The commoditization of personal data in recent years has created huge opportunities for anyone with the skills to collect, catalogue and correlate every aspect of our lives. For many years now, there has been a war between browser vendors and unscrupulous advertisers looking for tricks to uniquely identify users and track their movements across websites. Mozilla, for example, has implemented a long list of protections against browser fingerprinting within Firefox and EFF’s Privacy Badger anti-tracking browser plugin has more than one million installs across Firefox and Chrome.
Despite all of these efforts to thwart unwanted online tracking, it turns out that our connected gadgets may not only uniquely identify us but, in some cases, they can reveal precise physical locations. In this blog post, I will reveal a new attack against Google Home and Chromecast devices that does exactly that.
These problems stem from two fundamental design choices that are prevalent among IoT devices:
- Devices rarely require authentication for connections received on a local network
- HTTP is frequently used to configure or control embedded devices
The confluence of these properties means that web browsers and, therefore, websites can sometimes interact with network devices. This is something I’ve talked about before with regard to using cross-site request forgery (CSRF) or DNS rebinding to achieve code execution.
Analyzing Google Cast Devices
This research started with the simple goal of creating a lab exercise for my Black Hat training demonstrating how a website can identify and commandeer screens or speakers on a local network to play Rick Astley’s “Never Gonna Give You Up.” (A ‘Drive-by Rick Roll’ if you will.) Using the IoT analysis techniques I’ve been teaching, I quickly realized a far more interesting attack surface.
It turns out that although the Home app – which allows users to configure Google Home and Chromecast – performs most actions using Google’s cloud, some tasks are carried out using a local HTTP server. Commands to do things like setting the device name and WiFi connection are sent directly to the device without any form of authentication.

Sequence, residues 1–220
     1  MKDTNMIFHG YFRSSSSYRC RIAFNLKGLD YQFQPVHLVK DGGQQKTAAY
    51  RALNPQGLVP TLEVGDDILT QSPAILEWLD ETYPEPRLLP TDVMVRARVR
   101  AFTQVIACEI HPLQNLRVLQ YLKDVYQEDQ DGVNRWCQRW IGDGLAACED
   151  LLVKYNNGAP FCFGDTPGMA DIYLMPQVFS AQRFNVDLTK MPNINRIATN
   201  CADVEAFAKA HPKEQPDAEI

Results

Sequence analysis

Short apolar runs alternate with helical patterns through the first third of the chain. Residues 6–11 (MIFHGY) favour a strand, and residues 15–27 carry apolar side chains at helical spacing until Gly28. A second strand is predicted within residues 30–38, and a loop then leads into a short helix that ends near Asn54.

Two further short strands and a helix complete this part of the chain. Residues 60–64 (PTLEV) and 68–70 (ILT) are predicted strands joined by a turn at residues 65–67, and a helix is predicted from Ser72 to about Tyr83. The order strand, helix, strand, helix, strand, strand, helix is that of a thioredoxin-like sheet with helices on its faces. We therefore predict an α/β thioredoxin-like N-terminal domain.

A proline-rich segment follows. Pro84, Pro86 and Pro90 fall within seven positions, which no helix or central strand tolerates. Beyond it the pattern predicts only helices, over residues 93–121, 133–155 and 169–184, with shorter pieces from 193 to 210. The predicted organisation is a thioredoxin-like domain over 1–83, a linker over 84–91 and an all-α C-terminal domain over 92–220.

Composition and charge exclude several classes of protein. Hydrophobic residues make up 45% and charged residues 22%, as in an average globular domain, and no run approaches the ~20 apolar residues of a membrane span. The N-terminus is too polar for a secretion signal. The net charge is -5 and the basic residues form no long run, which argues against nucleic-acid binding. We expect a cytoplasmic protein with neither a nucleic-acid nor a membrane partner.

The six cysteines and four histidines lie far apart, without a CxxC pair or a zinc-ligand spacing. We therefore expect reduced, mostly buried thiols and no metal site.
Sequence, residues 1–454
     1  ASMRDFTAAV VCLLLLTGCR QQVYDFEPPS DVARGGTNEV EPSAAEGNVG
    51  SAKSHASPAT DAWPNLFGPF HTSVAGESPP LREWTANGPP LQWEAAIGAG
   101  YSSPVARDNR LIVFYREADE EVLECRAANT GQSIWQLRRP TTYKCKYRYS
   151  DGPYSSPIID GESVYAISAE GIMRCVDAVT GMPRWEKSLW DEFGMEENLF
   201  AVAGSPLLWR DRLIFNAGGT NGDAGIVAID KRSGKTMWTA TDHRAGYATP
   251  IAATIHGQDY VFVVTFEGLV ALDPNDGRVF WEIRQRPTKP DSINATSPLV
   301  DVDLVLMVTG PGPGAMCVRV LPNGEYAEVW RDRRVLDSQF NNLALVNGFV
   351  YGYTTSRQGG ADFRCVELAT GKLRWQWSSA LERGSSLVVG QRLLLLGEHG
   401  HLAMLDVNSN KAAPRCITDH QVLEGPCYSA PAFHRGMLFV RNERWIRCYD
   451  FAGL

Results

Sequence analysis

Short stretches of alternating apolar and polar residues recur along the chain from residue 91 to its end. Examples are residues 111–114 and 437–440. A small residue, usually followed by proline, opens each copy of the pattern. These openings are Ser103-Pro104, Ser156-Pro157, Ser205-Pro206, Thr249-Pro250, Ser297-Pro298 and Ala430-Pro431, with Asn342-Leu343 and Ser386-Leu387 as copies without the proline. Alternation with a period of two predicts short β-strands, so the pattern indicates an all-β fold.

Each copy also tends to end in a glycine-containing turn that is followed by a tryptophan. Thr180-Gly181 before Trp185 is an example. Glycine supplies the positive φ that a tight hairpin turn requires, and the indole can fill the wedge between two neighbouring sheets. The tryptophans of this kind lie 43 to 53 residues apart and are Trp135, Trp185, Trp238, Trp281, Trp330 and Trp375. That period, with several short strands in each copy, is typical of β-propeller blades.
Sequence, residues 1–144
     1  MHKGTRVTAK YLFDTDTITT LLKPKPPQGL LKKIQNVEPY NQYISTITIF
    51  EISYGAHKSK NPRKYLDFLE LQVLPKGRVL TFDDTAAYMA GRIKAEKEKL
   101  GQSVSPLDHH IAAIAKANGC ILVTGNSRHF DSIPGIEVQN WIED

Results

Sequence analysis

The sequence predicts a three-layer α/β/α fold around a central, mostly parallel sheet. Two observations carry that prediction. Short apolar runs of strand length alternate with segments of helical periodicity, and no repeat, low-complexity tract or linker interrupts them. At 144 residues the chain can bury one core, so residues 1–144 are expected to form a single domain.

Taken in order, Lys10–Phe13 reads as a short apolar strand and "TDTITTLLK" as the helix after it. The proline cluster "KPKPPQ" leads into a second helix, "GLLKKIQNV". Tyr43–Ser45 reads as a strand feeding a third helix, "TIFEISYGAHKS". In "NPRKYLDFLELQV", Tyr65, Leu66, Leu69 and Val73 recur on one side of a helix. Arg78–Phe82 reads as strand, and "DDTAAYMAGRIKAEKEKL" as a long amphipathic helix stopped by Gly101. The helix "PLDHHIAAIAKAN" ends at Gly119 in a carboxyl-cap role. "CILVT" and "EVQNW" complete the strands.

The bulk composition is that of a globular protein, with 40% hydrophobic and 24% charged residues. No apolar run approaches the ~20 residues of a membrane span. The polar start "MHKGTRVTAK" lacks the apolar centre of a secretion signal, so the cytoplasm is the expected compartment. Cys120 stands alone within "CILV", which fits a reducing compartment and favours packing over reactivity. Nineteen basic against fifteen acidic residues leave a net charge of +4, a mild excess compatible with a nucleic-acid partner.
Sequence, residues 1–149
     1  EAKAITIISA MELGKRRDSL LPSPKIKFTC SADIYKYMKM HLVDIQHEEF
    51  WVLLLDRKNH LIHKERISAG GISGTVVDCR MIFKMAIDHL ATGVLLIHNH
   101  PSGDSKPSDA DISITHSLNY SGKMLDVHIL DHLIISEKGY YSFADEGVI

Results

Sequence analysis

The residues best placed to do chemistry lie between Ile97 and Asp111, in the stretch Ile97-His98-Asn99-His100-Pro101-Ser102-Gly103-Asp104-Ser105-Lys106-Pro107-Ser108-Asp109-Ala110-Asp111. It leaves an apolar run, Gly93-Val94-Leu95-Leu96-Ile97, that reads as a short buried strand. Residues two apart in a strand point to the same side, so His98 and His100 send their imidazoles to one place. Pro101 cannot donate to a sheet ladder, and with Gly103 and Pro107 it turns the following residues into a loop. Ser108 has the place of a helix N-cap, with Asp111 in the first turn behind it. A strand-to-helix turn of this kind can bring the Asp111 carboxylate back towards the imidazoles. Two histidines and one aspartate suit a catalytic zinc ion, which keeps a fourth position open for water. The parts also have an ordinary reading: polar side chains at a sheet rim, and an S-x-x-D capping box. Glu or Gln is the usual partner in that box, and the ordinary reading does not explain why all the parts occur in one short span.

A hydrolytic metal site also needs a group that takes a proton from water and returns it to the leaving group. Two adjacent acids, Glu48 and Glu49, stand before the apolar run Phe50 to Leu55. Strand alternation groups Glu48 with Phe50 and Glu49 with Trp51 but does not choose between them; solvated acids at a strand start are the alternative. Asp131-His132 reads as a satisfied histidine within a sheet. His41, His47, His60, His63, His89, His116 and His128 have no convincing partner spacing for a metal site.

Although Google’s app, which uses this functionality, implies that you must be logged into a Google account linked with the target device, there is, in fact, no authentication mechanism built into the protocol level. On my home network, with the aid of my DNS rebinding server, I was not only able to hijack the screen attached to my Chromecast but I was actually able to use data extracted from the devices to determine their physical location with astonishing accuracy.
If you’ve ever explored the HTML5 location API, you’ll probably agree that it’s nothing short of amazing. If you haven’t seen this before, open Google Maps in Chrome’s incognito mode, click the “My Location” icon, and enable location tracking if asked. (Using incognito mode is just to make sure Google can’t use location history data pulled from a phone.) Even without a GPS receiver, Maps has typically been able to locate my machine within 10 meters.
This apparent magic trick is made possible by analyzing signal strengths for surrounding WiFi networks and then triangulating a position using WiFi access point maps collected by the millions of phones opted into Google’s enhanced location services.
Exploitation and Impact
Using the DNS rebinding software from my IoT training, I was able to create a basic end-to-end attack that worked for me in Linux, Windows and macOS using Chrome or Firefox. Starting from a generic URL, my attack first identifies the local subnet and then scans it looking for the Google devices and registers a subdomain ID to initiate DNS rebinding on the victim. About a minute after the page had loaded, I was looking at my house on Google Maps.
The implications of this are quite broad, including the possibility of more effective blackmail or extortion campaigns. Common scams like fake FBI or IRS warnings or threats to release compromising photos or expose some secret to friends and family could use this to lend credibility to the warnings and increase their odds of success. DNS rebinding is not the only way to exploit this, however.